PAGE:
Note: Do not read on if you have not seen the tenth, final episode of Season 2 of HBO's "Game of Thrones," entitled "Valar Morghulis."
Weddings and war victories are no cause for celebration in Westeros, no more than murders and massacres are.
After the dust has settled, the pieces have shifted. One of the five kings is dead, while the others plot to kill their enemies. And though some, like Tyrion and Theon, find themselves worse off than before, no one is safe.
All men must die. And all seasons must end. Season 2 has been a wild, glorious ride. And what happens next is anyone's guess. But that won't stop us from taking a look at the state of affairs at the end of Season 2.
The Power Rankings
Using a complex algorithm that takes into account each player's wealth, military might and dominion over lands, along with a "bonus" factor that adjusts for unquantifiable assets that could influence events, we've surveyed the lay of the land to figure out who won the game of thrones at the end of Season 2.
1. Tywin Lannister
Tywin started this season at the top of our Power Rankings along with his son Tyrion. He's finishing it at the top as well -- only this time, he's alone. His personal arrogance is front and center when he rides into the Red Keep on his white horse after it defecates on the ground. And then that arrogance is borne out by an official title when Joffrey officially proclaims his grandfather "Savior of the City and Hand of the King." Along the way, Tywin strips his battle-wounded son Tyrion of the power and glory he had carefully gained for himself throughout this season. Talk about an overbearing father!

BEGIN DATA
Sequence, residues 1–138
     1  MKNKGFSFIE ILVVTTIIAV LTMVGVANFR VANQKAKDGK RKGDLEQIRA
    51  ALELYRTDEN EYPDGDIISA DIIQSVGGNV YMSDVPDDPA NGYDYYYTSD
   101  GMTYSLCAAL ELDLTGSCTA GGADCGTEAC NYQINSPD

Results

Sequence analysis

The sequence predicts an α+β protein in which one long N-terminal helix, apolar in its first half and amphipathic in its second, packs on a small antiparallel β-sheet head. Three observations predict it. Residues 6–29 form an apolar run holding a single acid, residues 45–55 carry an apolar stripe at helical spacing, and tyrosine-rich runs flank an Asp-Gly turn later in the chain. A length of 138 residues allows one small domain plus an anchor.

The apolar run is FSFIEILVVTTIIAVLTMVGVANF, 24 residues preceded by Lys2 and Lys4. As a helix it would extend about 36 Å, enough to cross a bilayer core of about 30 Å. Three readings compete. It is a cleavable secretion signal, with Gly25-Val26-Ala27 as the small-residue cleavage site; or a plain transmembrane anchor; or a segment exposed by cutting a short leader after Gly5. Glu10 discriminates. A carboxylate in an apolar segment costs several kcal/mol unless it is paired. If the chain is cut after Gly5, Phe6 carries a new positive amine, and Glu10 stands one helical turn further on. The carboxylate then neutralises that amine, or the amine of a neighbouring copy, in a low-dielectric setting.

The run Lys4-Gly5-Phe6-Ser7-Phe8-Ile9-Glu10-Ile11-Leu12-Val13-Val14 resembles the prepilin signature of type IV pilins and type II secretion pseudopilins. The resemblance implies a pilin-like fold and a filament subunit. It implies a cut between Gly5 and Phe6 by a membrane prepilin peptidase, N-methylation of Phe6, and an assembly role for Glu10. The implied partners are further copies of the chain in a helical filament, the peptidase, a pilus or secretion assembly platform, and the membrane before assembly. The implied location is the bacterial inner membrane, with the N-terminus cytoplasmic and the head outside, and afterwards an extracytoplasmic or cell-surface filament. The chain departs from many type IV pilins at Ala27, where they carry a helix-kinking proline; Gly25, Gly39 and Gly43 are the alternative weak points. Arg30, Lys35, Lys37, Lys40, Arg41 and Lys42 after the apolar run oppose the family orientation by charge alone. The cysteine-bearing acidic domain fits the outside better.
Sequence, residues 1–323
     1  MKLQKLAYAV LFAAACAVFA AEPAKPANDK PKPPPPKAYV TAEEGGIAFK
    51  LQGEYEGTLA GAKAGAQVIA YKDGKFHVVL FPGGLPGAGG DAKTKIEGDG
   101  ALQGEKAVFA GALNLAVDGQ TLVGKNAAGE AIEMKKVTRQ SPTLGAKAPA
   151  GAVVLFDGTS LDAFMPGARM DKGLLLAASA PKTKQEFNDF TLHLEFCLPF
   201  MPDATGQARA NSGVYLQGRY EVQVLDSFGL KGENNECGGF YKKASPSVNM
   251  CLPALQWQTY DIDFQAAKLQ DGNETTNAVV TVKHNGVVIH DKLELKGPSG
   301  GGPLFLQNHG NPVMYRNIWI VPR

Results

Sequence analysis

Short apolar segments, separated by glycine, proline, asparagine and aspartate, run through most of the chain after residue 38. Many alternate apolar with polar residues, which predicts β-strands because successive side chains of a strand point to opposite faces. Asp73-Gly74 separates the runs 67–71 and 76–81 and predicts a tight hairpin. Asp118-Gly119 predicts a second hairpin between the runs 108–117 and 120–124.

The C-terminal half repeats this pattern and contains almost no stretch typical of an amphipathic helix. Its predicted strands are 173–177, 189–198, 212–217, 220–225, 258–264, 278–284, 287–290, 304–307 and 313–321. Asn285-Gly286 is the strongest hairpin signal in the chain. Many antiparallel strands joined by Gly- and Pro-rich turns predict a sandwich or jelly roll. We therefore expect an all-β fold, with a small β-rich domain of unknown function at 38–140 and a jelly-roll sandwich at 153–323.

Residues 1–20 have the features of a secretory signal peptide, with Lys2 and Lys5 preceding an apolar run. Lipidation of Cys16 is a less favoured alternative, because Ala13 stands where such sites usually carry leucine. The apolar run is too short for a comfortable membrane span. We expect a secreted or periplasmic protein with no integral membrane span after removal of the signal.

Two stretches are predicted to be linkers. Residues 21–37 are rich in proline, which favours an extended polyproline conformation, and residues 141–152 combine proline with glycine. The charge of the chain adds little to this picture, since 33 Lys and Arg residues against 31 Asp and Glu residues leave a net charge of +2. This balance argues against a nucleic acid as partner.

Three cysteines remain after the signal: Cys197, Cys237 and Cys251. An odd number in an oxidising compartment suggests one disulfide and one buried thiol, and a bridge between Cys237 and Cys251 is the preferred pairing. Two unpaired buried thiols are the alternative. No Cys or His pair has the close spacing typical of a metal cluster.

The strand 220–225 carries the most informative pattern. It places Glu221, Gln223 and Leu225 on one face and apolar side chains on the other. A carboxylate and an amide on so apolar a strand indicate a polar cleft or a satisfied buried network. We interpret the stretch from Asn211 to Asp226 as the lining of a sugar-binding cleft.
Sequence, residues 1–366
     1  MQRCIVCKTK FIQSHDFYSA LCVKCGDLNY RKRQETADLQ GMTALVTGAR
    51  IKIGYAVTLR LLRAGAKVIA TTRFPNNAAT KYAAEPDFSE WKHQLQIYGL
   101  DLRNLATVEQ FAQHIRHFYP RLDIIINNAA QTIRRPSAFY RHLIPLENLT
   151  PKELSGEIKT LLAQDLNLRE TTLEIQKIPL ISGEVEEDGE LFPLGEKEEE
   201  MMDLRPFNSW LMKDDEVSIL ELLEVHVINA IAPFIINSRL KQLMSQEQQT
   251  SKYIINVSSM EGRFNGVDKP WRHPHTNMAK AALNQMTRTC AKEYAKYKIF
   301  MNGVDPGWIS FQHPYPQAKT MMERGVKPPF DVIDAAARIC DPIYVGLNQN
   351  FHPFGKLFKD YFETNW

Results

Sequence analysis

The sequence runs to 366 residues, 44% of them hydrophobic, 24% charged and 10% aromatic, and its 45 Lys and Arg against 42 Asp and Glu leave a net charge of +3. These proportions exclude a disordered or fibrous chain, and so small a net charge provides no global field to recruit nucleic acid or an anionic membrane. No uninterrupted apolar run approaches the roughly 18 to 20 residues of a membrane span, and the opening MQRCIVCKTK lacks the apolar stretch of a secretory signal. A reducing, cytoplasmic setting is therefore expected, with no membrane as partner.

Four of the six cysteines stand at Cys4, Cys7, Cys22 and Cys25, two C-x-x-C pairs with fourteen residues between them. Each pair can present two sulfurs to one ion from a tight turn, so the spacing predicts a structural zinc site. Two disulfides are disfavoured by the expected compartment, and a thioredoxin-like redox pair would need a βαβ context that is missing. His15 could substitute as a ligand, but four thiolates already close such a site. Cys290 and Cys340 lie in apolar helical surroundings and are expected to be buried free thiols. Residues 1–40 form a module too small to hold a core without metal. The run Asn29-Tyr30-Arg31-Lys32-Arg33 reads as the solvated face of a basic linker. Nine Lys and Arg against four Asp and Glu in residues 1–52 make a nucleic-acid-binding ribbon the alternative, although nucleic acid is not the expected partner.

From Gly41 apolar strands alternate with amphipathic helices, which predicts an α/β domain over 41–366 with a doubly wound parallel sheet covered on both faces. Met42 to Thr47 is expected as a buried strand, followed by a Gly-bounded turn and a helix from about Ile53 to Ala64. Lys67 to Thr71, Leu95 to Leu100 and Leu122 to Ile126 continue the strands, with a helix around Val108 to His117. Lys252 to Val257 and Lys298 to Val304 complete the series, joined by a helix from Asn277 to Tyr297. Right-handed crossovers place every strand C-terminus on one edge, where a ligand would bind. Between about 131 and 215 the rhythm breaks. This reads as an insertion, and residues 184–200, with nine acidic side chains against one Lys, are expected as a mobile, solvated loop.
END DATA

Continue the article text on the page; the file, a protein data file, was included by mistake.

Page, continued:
2. Robb & Catelyn Stark
Robb, on the other hand, demonstrates the benefits of having a dead father this episode, when he does what Ned Stark never would have done: marries a woman for love instead of political gain. Catelyn is upset, and tries to stop him, noting that, "Walder Frey is a dangerous man to cross." But Robb won't be dissuaded. And the scene in which he and Talisa of Volantis marry is one of the most tender of the season. (Though it probably isn't faithful to the books: As a Stark, Robb should have consecrated his marriage to the Old Gods, not the Seven, even though his mother believes in the latter.) Next season, Robb will almost certainly clash with the Lannisters. And he won't be happy to learn that his ancestral home in Winterfell has been burned to a crisp. But for now, he shows that he has the power to determine and pursue his own fate, which is the greatest of luxuries in Westeros.
3. Margaery Tyrell